This post is a little different than my normal posts but when this news story was brought to my attention, I felt I had to write something about it. Sadly, it’s a news story – and indeed, a situation – that’s been largely ignored by the world press.
This is Maria Santos Gorrostieta. She was 36 years old, a wife and mother of three, one-time mayor in the drug-trafficking western state of Michoacan in Mexico and an outspoken opponent of the vicious drug cartels operating there. On Nov. 17, her body was found in a ditch having been stabbed, burned and battered. She was apparently kidnapped in broad daylight in front of her young daughter. She had already survived two previous attempts on her life. The Daily Mail says:
The first assassination attempt came in October 2009 when the car she was travelling in with her first husband Jose Sanchez came under fire from gunmen … The attack claimed his life but Gorrostieta lived. She battled back from her injuries in the face of overwhelming tragedy, but she was not destined to know peace.
The next attempt on her life was just three months later, when a masked group carrying assault rifles ambushed her on the road between Michoacan and Guerreo state. The van she was travelling in was peppered by 30 bullets. Three hit her. This time her wounds were more severe, leaving multiple scars and forcing her to wear a colostomy bag. She was left in constant pain.
But she refused to give up. In an interview she gave after the second attempt on her life, she said:
“I have had to bear losses that I would not wish on anyone, and have had to accept them with resignation and with the knowledge that it is our Lord’s will, and have gone on, even with a wounded soul. Despite that, and despite my own safety and that of my family, what occupies my mind is my responsibility towards my people: the children, the women, the elderly and the men who break their souls every day without rest to find a piece of bread for their children. I will get up however many times God allows me to, to keep on searching, scratching, negotiating plans, projects and actions for the benefit of all of society, but in particular, for the vulnerable ones. This is who I am.”
Sadly, her death is only one minor part of a much larger story, all of which is being largely ignored by the world’s media. Since the 1980s, most people in the West are familiar with the term “War on Drugs”. What many people are not aware of is the huge toll this war has taken on countless innocent people. Again, from the Daily Mail:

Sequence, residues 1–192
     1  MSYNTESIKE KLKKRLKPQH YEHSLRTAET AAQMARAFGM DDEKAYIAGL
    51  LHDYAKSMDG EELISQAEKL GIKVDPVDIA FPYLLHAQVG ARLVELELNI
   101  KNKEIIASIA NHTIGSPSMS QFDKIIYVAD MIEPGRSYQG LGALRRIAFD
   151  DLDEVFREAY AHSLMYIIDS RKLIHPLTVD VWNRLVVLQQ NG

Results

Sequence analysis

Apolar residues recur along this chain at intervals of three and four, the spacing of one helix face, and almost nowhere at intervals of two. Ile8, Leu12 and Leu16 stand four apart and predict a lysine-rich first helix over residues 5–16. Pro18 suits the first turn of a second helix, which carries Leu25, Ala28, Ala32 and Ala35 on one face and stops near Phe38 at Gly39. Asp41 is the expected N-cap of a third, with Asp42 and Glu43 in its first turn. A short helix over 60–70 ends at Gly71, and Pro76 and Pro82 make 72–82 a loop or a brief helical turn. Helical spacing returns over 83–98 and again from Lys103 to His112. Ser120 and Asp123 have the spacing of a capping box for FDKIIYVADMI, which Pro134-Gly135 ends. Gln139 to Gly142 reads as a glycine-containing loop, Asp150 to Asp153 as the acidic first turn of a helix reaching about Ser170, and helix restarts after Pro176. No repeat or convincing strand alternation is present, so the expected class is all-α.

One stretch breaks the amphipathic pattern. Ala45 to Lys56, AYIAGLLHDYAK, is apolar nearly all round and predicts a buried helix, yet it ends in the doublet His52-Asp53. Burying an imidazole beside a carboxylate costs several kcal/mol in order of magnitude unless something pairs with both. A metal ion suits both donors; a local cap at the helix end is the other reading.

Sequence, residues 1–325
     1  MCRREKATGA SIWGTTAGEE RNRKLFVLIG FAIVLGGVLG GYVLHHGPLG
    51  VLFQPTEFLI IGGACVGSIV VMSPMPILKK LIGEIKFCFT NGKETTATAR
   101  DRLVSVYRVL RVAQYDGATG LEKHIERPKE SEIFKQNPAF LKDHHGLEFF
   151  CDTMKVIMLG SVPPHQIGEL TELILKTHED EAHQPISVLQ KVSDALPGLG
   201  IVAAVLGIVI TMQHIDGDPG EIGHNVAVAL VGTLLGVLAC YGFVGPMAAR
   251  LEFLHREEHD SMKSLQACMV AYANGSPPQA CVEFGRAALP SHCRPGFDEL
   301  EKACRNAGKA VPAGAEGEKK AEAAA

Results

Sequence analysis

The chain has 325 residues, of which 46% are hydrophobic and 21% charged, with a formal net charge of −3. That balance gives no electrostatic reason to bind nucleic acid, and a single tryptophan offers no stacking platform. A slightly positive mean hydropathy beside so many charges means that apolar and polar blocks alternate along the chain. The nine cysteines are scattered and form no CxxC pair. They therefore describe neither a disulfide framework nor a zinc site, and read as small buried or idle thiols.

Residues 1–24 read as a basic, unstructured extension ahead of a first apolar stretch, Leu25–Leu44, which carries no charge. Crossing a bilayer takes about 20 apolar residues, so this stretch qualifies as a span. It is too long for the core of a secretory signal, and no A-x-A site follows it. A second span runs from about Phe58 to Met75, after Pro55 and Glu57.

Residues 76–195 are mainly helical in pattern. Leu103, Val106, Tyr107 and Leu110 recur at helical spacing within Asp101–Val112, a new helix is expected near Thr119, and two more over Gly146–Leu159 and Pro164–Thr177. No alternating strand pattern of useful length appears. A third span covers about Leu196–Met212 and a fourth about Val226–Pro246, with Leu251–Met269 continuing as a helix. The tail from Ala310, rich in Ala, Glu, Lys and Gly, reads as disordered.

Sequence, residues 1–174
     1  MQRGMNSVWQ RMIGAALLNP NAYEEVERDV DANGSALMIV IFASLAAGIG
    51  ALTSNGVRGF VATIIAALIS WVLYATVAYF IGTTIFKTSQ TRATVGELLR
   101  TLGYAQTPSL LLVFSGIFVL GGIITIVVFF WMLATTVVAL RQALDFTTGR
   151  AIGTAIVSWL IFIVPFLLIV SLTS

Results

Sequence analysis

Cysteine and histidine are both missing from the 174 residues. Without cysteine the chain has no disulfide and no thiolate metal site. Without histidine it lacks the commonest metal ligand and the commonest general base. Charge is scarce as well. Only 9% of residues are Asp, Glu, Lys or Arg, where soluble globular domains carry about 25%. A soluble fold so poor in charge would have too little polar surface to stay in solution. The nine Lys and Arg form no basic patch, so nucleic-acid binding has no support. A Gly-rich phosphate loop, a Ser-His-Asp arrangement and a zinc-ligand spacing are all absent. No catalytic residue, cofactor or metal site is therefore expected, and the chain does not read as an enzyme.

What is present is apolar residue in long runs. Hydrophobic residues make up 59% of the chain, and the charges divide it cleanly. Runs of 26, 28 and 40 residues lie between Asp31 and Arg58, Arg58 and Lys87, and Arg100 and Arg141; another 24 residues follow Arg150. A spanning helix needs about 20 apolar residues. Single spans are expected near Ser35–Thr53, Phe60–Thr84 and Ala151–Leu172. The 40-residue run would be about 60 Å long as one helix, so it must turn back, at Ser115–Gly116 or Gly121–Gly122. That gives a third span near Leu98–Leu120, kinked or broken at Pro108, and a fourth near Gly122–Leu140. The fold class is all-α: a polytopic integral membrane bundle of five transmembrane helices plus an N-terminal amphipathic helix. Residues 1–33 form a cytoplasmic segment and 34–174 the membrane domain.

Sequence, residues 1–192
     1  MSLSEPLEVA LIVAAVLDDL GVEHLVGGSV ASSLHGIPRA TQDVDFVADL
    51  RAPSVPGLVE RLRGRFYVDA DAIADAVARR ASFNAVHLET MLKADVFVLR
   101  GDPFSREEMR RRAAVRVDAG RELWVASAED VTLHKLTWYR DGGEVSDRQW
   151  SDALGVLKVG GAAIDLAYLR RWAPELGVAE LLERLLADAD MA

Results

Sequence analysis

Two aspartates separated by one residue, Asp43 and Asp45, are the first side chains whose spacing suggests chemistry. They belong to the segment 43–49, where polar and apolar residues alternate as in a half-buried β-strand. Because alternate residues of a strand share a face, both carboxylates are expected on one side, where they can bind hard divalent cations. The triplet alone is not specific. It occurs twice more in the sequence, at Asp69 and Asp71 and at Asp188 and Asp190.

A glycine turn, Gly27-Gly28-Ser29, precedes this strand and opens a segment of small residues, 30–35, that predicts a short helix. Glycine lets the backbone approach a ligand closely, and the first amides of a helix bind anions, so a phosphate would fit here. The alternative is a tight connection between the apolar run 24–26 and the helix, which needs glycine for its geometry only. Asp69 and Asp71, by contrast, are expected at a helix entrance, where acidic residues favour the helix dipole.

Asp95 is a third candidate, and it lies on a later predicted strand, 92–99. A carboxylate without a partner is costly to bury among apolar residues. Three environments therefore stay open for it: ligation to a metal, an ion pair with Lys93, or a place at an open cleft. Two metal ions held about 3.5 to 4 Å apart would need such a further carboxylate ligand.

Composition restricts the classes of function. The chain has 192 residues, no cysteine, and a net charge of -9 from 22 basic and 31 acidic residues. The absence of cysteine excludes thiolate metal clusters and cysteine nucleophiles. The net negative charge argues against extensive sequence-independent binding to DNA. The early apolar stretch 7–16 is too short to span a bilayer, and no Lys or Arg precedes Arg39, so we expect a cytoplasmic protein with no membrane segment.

Mexico has been torn apart by murderous drug gangs since President Felipe Calderon launched his drug offensive in 2006. More than 50,000 people have been killed in clashes between rival drug cartels and security forces and about two dozen mayors have been murdered. The cartels have ruled the streets with fear for years, enforcing their authority with murders, bribery and torture.
From January to September last year, 12,903 people were killed in the country in drug-related crime, ranging from gang members, Mexican military and innocent victims caught up in gun battles.
The Mexican government claim they are winning the war on drugs, but few outside – or inside – the country believe that. So corrupt are their police that they are rarely employed in combating the cartels. Instead, the country relies on its army to tackle the gangs while it attempts to rebuild its police forces. Public support for the drug war continues to fall as the death toll rises and the cartels’ profits rise.
The U.S. Justice Department considers the cartels as America’s greatest organised crime threat, while conceding that it is U.S. dollars that fund the crime ravaging Mexico. In 2009 a military assessment predicted that if the drugs war continued for another 25 years, Mexico’s government was at serious risk of collapse and the conflict would spread into America.
Whatever your opinion on drugs – whether liberal or conservative – it has to be admitted, the “War on drugs” is definitely not winning.
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